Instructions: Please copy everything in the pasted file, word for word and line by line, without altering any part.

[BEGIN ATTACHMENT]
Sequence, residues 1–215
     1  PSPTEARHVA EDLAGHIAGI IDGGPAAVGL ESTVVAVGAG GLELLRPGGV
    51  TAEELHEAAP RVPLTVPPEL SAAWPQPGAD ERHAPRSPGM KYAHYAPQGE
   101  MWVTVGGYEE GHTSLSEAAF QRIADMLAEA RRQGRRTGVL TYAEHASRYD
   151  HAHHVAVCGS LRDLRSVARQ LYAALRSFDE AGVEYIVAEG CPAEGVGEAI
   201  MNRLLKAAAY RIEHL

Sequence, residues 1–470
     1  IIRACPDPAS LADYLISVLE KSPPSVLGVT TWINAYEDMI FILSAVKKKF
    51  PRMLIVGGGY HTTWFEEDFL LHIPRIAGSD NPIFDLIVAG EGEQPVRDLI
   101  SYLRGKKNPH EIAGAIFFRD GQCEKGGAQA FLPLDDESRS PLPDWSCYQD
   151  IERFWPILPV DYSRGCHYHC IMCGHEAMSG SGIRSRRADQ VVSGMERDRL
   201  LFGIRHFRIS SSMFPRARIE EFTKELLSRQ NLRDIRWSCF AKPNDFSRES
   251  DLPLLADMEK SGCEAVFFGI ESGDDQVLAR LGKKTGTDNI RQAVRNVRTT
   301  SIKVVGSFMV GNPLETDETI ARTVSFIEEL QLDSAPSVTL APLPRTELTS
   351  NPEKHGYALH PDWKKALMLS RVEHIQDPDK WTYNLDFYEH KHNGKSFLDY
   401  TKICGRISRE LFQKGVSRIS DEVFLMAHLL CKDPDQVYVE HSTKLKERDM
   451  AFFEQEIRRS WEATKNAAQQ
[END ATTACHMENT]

Sequence, residues 1–215
     1  PSPTEARHVA EDLAGHIAGI IDGGPAAVGL ESTVVAVGAG GLELLRPGGV
    51  TAEELHEAAP RVPLTVPPEL SAAWPQPGAD ERHAPRSPGM KYAHYAPQGE
   101  MWVTVGGYEE GHTSLSEAAF QRIADMLAEA RRQGRRTGVL TYAEHASRYD
   151  HAHHVAVCGS LRDLRSVARQ LYAALRSFDE AGVEYIVAEG CPAEGVGEAI
   201  MNRLLKAAAY RIEHL

Sequence, residues 1–470
     1  IIRACPDPAS LADYLISVLE KSPPSVLGVT TWINAYEDMI FILSAVKKKF
    51  PRMLIVGGGY HTTWFEEDFL LHIPRIAGSD NPIFDLIVAG EGEQPVRDLI
   101  SYLRGKKNPH EIAGAIFFRD GQCEKGGAQA FLPLDDESRS PLPDWSCYQD
   151  IERFWPILPV DYSRGCHYHC IMCGHEAMSG SGIRSRRADQ VVSGMERDRL
   201  LFGIRHFRIS SSMFPRARIE EFTKELLSRQ NLRDIRWSCF AKPNDFSRES
   251  DLPLLADMEK SGCEAVFFGI ESGDDQVLAR LGKKTGTDNI RQAVRNVRTT
   301  SIKVVGSFMV GNPLETDETI ARTVSFIEEL QLDSAPSVTL APLPRTELTS
   351  NPEKHGYALH PDWKKALMLS RVEHIQDPDK WTYNLDFYEH KHNGKSFLDY
   401  TKICGRISRE LFQKGVSRIS DEVFLMAHLL CKDPDQVYVE HSTKLKERDM
   451  AFFEQEIRRS WEATKNAAQQ